A bit from the article:
A ban on big money donations to Missouri politicians will stay in place for at least a few more weeks.
In a hearing in federal court Thursday, opponents of a new law limiting campaign contributions withdrew a request to block the caps .
U.S. District Judge Catherine D. Perry said she wants to first hear arguments about the merits and pitfalls of the new limits on campaign giving before deciding whether to place a temporary hold on the caps while the lawsuit moves through the legal system.
The next hearing is set for Jan. 13.
The action in the St. Louis courtroom comes as another group has filed a lawsuit in federal court in Kansas City also seeking to dump the limits, which were approved by voters in the Nov. 8 election.
Under the change to the state constitution, Missouri voters capped contributions to individual candidates at $2,600 per election. Contributions to a political party would be capped at $25,000.
The change also attempted to ban the current practice of funneling money through different committees to hide the source of the contributions. It prohibits contributions by foreign interests and companies not legally authorized to conduct business in Missouri.
The Missouri Legislature removed campaign contribution limits in 2008. That led to an era where seven-figure contributions to candidates became common, including during the most recent election.
In the St. Louis case, the Association of Missouri Electrical Cooperatives and Legends Bank say the new law unfairly stops them from donating to campaigns and political action committees.
If the law stays in place, the electrical cooperatives argue they won’t be able to raise adequate funds to ensure its members’ voices are heard during the legislative session that begins Wednesday.
Because, you know, you can’t be “heard” if you can’t give money to your legislator, right?
This next paragraph tells the truth of the matter:
The Kansas City case takes a broader approach on behalf of a number of Republican-oriented political action committees, including Missourians for Worker Freedom, a political action committee formed in the past month to work in favor of making Missouri a right-to-work state.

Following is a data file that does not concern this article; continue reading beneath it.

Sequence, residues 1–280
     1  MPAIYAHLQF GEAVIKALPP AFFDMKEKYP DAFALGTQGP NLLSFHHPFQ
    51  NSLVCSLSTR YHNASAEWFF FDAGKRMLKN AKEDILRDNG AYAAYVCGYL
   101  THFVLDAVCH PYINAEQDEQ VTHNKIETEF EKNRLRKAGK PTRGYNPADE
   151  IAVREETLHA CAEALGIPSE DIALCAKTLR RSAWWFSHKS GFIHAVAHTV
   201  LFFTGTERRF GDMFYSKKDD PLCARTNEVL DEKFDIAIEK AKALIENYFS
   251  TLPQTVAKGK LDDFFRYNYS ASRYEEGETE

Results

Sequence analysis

Note that? A “Republican-oriented political action committee” because this is Republicans that want this more than anyone. They did away with the state’s campaign contribution limits back in 2008. Why should they have limits on the amounts of money already-wealthy and corporations can give them? It’s like when they vote themselves a raise. Pretty sweet, huh? Vote for money in your own pocket.
This is the part that really gets me:
“The suit contends the new law violates free speech rights…”
Because, again, if I can’t give my legislator money, that means I can’t speak with him.
Since 2008, Missouri has famously, infamously and notoriously been the ONLY STATE IN THE NATION with no limits on campaign contributions, no limits on the amounts of money wealthy people and corporations can throw at our government representatives. The other 49 states have got to be green with envy on that little beauty, eh? So we ended up, this last election, with different people like Rex Sinquefield out of St. Louis and others, paying literally millions of dollars to a single candidate.
Sinquefield himself gave nearly 4 million dollars to Catherine Hanaway’s campaign while governor-elect “Pretty Boy” Greitens got nearly two million dollars from one contributor. And we don’t even know who was behind that donation. It’s “dark money’, given by a political action committee so the donor is unknown. Additionally, David Humphreys and his sister, Sarah Atkins thought they’d try to buy a Lieutenant Governor by giving Peter Kinder the tidy little sum of a cool 1 million dollars.
If you don’t think our last election was bought and paid for, you don’t know what just took place. It’s the biggest under-reported story in the state for 2016, without doubt.
Eric Greitens Nabs Single Largest Campaign Contribution in Missouri
Money, Sex and Power: the campaign of Eric Greitens
Donors behind $2M check to Missouri's Greitens still secret